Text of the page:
Student stories

Biology student Aneka Friesen explores an ocean of possibilities on her first co-op term

Aneka Friesen

Shaw Ocean Discovery Centre

When biology student Aneka Friesen was deciding where to go to university, UVic and its co-op program stood out. “I chose UVic Biology for lots of reasons, but the availability of the co-op program was a big factor,” she says. “I really appreciated the natural beauty on campus, also, and the classes aren’t too big—it just felt right.”

When Aneka was searching for her first co-op job, the Shaw Ocean Discovery Centre in Sidney was another perfect fit. As a lead oceaneer this summer, Aneka is test-driving one of her career goals—becoming a high school science teacher. “I applied for this job largely because it seemed the closest to the career path I’m most interested in right now,” she says, “but I also get to learn about marine biology, which I’ve never tried before.”

Aneka’s role makes good use of her scientific knowledge, but also involves lots of interpersonal communication. Her position involves engaging and talking to visitors about local marine biology, including the physical features, characteristics and conservation efforts of ocean creatures. She both plans and leads presentations, often coordinating volunteers to help run the various programs offered by the centre. “Every day looks a little bit different,” says Aneka. “The visitors are different, the activities are different and sometimes even the animals are different!”

Aneka’s strong transferrable skills helped her land this first co-op job even though she hadn’t studied marine biology before. Her experience tutoring fellow students fit well with the education component of the position, and her biology background helped her quickly learn about the animals at the centre. “I found myself mentally referring to concepts I’d learned in various biology classes, especially physiology,” she says. “I spent most of the first few weeks absorbing as much information as I could.”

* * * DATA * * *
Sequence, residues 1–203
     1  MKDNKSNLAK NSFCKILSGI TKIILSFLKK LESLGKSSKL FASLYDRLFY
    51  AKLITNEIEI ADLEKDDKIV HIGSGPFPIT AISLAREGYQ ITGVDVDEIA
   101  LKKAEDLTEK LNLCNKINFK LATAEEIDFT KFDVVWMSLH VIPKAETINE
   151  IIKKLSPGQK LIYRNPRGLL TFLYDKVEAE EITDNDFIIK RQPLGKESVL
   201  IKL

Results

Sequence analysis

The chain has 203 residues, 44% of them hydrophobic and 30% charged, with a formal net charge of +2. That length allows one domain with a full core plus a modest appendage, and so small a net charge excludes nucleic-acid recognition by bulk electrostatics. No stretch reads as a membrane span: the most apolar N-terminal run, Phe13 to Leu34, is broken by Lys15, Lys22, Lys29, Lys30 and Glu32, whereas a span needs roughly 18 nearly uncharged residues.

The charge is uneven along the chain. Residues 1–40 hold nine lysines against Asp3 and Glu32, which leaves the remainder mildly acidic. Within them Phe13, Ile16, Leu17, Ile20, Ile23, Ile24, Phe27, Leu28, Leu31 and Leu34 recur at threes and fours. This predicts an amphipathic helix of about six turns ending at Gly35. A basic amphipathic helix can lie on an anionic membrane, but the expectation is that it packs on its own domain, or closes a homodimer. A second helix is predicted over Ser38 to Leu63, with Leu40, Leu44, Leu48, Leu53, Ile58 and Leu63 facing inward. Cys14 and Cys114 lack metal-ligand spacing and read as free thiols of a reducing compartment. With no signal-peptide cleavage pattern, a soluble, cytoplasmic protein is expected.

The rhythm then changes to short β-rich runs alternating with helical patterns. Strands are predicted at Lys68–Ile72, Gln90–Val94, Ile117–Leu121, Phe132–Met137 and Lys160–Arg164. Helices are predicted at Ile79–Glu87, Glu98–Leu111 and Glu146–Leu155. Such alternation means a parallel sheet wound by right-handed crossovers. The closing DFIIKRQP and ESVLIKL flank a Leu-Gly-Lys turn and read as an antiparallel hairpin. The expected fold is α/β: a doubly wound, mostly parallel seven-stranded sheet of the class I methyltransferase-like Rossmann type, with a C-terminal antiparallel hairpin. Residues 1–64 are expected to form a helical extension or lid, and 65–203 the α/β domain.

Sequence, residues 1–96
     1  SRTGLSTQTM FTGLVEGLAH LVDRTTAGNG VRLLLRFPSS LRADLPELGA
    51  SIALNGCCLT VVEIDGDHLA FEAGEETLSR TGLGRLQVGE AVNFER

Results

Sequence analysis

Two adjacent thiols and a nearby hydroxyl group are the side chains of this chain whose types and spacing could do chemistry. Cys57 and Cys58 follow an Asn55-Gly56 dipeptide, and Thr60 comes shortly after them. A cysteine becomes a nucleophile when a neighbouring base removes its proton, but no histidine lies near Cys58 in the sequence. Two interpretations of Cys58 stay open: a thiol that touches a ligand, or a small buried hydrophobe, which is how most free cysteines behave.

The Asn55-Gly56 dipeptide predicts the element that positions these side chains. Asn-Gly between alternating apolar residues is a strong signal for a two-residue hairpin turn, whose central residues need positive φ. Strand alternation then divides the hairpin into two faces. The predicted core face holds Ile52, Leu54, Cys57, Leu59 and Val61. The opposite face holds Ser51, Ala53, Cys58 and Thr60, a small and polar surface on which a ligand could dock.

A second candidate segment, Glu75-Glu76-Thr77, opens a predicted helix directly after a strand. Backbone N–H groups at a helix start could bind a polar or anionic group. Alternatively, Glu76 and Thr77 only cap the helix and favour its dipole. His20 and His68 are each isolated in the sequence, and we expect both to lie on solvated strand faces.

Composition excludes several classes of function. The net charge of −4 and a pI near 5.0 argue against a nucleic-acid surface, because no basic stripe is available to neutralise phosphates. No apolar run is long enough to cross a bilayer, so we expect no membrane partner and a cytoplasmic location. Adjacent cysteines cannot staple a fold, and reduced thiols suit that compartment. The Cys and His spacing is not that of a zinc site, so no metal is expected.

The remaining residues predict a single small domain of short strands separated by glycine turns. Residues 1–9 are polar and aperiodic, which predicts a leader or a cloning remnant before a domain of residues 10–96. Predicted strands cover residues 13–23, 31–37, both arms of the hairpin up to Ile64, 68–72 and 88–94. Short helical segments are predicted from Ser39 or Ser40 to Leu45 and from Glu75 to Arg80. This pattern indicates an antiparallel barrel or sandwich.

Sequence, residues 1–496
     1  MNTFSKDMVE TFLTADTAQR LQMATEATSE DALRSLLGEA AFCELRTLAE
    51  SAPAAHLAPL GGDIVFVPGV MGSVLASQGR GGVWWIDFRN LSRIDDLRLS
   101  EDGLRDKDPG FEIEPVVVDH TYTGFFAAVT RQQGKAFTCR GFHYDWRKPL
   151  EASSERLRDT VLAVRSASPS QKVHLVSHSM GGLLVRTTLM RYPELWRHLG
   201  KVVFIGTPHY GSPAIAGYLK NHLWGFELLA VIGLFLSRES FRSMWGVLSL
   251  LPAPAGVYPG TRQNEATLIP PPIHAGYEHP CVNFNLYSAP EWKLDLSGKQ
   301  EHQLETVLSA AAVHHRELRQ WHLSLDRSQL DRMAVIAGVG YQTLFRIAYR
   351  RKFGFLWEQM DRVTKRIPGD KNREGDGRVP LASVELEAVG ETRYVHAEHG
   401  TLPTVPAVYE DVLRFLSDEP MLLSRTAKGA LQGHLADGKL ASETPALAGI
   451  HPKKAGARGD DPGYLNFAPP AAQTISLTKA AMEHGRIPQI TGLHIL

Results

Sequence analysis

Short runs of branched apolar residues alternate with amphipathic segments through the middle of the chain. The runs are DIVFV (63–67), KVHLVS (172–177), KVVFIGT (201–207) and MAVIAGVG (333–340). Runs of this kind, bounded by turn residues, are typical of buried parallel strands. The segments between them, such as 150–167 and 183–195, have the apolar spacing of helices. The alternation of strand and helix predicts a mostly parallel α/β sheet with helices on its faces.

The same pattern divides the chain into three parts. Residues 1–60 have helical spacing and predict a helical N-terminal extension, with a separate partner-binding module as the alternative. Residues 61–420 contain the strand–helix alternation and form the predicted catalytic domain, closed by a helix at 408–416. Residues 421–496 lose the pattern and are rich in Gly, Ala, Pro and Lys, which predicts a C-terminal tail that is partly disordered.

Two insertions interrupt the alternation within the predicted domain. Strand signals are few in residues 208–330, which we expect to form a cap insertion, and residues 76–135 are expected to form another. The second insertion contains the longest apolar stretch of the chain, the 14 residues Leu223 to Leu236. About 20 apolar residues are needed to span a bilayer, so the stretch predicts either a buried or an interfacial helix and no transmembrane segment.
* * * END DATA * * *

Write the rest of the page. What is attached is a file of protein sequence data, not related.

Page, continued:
Looking ahead to future career possibilities, Aneka knows that the core competencies she’s building are invaluable. She feels she’s really brushed up on her leadership, project planning skills and ability to take initiative on this work term, but she’s most proud of the great strides she’s taken with her communication skills. “I can actually talk in front of people, now, which I never would have done a year ago,” she says. “I feel comfortable enough to talk about an octopus in front of a crowd!”

Aneka will be heading back to campus in September with one co-op under her belt, ready to bring her job experience back into the classroom. “I will definitely make connections between what I learned on my work term and what I’ll learn in lectures,” she says. She isn’t sure where she’ll pursue her next co-op, but she looks forward to seeing where it takes her. “I’d love to continue teaching people about biology all day long, but I may end up doing something completely different—and really enjoying that, too!”

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